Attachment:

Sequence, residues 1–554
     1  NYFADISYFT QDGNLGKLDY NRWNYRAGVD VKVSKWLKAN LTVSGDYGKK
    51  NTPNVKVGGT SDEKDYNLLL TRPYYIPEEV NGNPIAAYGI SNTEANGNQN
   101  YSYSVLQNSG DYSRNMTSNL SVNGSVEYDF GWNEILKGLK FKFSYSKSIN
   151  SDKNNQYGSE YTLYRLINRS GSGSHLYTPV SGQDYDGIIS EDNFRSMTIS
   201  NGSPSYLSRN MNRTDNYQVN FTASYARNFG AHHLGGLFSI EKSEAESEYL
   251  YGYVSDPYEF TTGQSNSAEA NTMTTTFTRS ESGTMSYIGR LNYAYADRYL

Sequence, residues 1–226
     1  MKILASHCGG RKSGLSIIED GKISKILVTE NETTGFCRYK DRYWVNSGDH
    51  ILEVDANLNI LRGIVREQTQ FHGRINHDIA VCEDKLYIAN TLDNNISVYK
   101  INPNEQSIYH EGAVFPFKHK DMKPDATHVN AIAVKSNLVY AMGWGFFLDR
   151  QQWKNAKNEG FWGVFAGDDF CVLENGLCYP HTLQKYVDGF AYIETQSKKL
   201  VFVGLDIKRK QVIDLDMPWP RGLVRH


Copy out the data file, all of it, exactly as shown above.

Sequence, residues 1–554
     1  NYFADISYFT QDGNLGKLDY NRWNYRAGVD VKVSKWLKAN LTVSGDYGKK
    51  NTPNVKVGGT SDEKDYNLLL TRPYYIPEEV NGNPIAAYGI SNTEANGNQN
   101  YSYSVLQNSG DYSRNMTSNL SVNGSVEYDF GWNEILKGLK FKFSYSKSIN
   151  SDKNNQYGSE YTLYRLINRS GSGSHLYTPV SGQDYDGIIS EDNFRSMTIS
   201  NGSPSYLSRN MNRTDNYQVN FTASYARNFG AHHLGGLFSI EKSEAESEYL
   251  YGYVSDPYEF TTGQSNSAEA NTMTTTFTRS ESGTMSYIGR LNYAYADRYL

Sequence, residues 1–226
     1  MKILASHCGG RKSGLSIIED GKISKILVTE NETTGFCRYK DRYWVNSGDH
    51  ILEVDANLNI LRGIVREQTQ FHGRINHDIA VCEDKLYIAN TLDNNISVYK
   101  INPNEQSIYH EGAVFPFKHK DMKPDATHVN AIAVKSNLVY AMGWGFFLDR
   151  QQWKNAKNEG FWGVFAGDDF CVLENGLCYP HTLQKYVDGF AYIETQSKKL
   201  VFVGLDIKRK QVIDLDMPWP RGLVRH